Reading fields of unmanaged objects (outside the scope of an EntityManager) is a trivial task, but performed in a certain manner can determine the application performance. The objective here is not give you an absolute response on the subject, but point out the benefits and drawbacks for the many possible solutions.

  • Use datanucleus.RetainValues=true. This is the default for JPA operation and will ensure that after commit the fields of the object retain their values (rather than being nulled).
  • Use detach method.
    Object copy = null;
    try
    {
        EntityManager em = emf.createEntityManager();
        em.getTransaction().begin();
    
        //retrieve in some way the object, query, find, etc
        Object obj = em.find(MyClass.class, id);
        copy = em.detach(obj);
    
        em.getTransaction().commit();
    }
    finally
    {
        em.close();
    }
    //read or change the detached object here
    System.out.prinln(copy.getName());
  • Use datanucleus.detachAllOnCommit=true. Dependent on the persistence context you may automatically have this set.
    Object obj = null;
    try
    {
        EntityManager pm = emf.createEntityManager();
        em.getTransaction().begin();
    
        //retrieve in some way the object, query, find, etc
        obj = em.find(MyClass.class, id);
        em.getTransaction().commit(); // Object "obj" is now detached
    }
    finally
    {
        em.close();
    }
    //read or change the detached object here
    System.out.prinln(obj.getName());

The bottom line is to not use detachment if instances will only be used to read values.


Fetch Control

When fetching objects you have control over what gets fetched. This can have an impact if you are then detaching those objects. With JPA the maximum fetch depth is -1 (unlimited). So with JPA you ought to set it to the extent that you want to detach, or better still make use of DataNucleus fetch groups to control the specific fields to detach.


Logging

I/O consumes a huge slice of the total processing time. Therefore it is recommended to reduce or disable logging in production. To disable the logging set the DataNucleus category to OFF in the Log4j configuration. See Logging for more information.

log4j.category.DataNucleus=OFF

General Comments on Overall Performance

In most applications, the performance of the persistence layer is very unlikely to be a bottleneck. More likely the design of the datastore itself, and in particular its indices are more likely to have the most impact, or alternatively network latency. That said, it is the DataNucleus projects' committed aim to provide the best performance possible, though we also want to provide functionality, so there is a compromise with respect to resource.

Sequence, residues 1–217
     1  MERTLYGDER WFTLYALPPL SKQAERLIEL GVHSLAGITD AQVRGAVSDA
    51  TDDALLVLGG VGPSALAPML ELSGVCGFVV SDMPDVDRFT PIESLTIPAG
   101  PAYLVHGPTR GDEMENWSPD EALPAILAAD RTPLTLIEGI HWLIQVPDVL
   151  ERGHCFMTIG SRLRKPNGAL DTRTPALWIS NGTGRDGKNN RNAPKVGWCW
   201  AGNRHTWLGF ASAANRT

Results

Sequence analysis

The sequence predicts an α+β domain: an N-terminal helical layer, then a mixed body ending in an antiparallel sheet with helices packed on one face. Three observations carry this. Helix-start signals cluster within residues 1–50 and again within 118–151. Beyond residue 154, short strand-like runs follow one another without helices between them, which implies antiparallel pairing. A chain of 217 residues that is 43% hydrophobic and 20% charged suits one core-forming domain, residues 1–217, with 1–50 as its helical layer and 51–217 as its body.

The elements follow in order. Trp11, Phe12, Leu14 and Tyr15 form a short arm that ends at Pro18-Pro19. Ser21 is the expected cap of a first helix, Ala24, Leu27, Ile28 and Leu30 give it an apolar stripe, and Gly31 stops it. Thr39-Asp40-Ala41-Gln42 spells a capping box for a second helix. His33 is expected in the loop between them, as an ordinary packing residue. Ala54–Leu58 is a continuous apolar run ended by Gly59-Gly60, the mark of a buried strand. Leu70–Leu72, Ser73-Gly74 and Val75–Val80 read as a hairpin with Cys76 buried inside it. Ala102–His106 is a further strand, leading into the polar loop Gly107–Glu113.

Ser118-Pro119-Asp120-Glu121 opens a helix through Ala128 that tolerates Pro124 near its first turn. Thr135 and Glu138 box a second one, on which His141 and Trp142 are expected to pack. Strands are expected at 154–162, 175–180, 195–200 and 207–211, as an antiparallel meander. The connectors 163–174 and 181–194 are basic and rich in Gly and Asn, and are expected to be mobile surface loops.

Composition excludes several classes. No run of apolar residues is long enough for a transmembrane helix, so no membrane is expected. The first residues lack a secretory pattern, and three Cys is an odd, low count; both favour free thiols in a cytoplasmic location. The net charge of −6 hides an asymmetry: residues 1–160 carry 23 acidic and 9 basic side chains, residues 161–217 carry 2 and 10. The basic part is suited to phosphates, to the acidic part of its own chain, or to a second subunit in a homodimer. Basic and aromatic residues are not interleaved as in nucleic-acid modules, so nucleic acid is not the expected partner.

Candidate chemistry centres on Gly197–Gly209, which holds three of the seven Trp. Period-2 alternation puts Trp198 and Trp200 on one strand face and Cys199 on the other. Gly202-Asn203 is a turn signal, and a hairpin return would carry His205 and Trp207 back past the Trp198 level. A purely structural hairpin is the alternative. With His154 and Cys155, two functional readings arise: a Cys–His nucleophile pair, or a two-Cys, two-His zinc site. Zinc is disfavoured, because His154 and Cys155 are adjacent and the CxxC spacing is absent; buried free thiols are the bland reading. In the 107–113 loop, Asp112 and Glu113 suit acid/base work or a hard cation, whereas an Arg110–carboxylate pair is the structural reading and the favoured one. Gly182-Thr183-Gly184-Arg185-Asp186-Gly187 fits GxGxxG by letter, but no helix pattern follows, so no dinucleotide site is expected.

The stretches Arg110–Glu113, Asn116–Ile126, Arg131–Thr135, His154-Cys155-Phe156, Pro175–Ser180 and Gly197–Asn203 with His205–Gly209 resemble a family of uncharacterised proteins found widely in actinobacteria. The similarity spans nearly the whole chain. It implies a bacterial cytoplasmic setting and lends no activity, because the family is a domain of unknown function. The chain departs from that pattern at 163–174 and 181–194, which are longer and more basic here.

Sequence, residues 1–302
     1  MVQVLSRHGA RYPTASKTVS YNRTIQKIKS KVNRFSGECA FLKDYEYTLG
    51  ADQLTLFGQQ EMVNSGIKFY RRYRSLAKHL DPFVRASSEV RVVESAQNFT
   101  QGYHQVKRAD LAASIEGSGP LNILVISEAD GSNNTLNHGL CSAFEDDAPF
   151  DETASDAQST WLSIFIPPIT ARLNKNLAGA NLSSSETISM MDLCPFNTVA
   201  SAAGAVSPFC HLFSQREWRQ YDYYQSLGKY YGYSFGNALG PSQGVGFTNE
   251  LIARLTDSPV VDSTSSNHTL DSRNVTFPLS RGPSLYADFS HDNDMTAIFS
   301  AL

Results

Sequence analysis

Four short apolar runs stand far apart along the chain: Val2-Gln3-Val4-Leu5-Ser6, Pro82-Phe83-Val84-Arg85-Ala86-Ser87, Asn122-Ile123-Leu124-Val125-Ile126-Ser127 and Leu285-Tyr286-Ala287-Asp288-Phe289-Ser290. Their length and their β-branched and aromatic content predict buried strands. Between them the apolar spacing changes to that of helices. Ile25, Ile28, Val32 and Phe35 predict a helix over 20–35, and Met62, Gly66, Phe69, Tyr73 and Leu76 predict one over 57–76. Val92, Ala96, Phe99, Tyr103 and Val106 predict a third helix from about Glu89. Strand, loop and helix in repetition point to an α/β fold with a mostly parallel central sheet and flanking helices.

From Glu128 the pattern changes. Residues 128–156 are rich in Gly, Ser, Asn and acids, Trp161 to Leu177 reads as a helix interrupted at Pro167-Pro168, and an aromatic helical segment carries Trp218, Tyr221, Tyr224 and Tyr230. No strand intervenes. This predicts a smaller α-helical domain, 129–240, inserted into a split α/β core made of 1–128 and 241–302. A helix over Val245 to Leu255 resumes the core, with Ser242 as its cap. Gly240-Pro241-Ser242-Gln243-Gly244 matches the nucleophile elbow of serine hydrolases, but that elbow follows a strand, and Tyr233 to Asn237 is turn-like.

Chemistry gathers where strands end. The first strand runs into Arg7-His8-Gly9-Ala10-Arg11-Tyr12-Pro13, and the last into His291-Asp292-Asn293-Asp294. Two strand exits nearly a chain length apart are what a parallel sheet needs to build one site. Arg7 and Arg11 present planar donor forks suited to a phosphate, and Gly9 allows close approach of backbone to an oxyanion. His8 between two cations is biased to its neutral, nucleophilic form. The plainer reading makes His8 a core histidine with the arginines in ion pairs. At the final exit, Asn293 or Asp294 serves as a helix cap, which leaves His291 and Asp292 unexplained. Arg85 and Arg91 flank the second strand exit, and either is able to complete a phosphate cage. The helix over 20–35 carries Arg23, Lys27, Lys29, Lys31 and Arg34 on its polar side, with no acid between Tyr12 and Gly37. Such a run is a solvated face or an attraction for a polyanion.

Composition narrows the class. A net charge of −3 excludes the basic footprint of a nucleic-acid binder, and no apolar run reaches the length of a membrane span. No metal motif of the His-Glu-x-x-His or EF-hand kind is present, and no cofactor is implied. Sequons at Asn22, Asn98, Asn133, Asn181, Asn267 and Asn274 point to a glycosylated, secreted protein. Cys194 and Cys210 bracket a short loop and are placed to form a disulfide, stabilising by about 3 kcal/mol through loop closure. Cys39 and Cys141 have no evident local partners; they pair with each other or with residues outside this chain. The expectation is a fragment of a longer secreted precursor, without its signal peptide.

What is a benchmark? This is simply a series of persistence operations performing particular things e.g persist n objects, or retrieve n objects. If those operations are representative of your application then the benchmark is valid to you.

To find (or create) a benchmark appropriate to your project you need to determine the typical persistence operations that your application will perform. Are you interested in persisting 100 objects at once, or 1 million, for example? Then when you have a benchmark appropriate for that operation, compare the persistence solutions.

The performance tuning guide above gives a good oversight of tuning capabilities, and also refer to the following blog entry for our take on performance of DataNucleus AccessPlatform. And then the later blog entry about how to tune for bulk operations

GeeCon JPA provider comparison (Jun 2012)

There is an interesting presentation on JPA provider performance that was presented at GeeCon 2012 by Patrycja Wegrzynowicz. This presentation takes the time to look at what operations the persistence provider is performing, and does more than just "persist large number of flat objects into a single table", and so gives you something more interesting to analyse. DataNucleus comes out pretty well in many situations. You can also see the PDF here.

PolePosition (Dec 2008)

The PolePosition benchmark is a project on SourceForge to provide a benchmark of the write, read and delete of different data structures using the various persistence tools on the market. JPOX was run against this benchmark just before being renamed as DataNucleus and the results are found in the DataNucleus Wiki. The input data used for that benchmark run is found in JPOX SVN. Some comments on the PolePos benchmark :-

  • It is essential that tests for such as Hibernate and DataNucleus performance comparable things. Some of the original tests had the "delete" simply doing a "DELETE FROM TBL" for Hibernate yet doing an Extent followed by delete each object individually for a JDO implementation. This is an unfair comparison and in the source tree in JPOX SVN this is corrected. This fix was pointed out to the PolePos SourceForge project but is not, as yet, fixed
  • It is essential that schema is generated before the test, otherwise the test is no longer a benchmark of just a persistence operation. The source tree in JPOX SVN assumes the schema exists. This fix was pointed out to the PolePos SourceForge project but is not, as yet, fixed
  • Each persistence implementation should have its own tuning options, and be able to add things like discriminators since that is what would happen in a real application. The source tree in JPOX SVN does this for JPOX running. Similarly a JDO implementation would tune the fetch groups being used - this is not present in the SourceForge project but is in JPOX SVN.
  • DataNucleus performance is considered to be significantly improved over JPOX particularly due to batched inserts, and due to a rewritten query implementation that does enhanced fetching.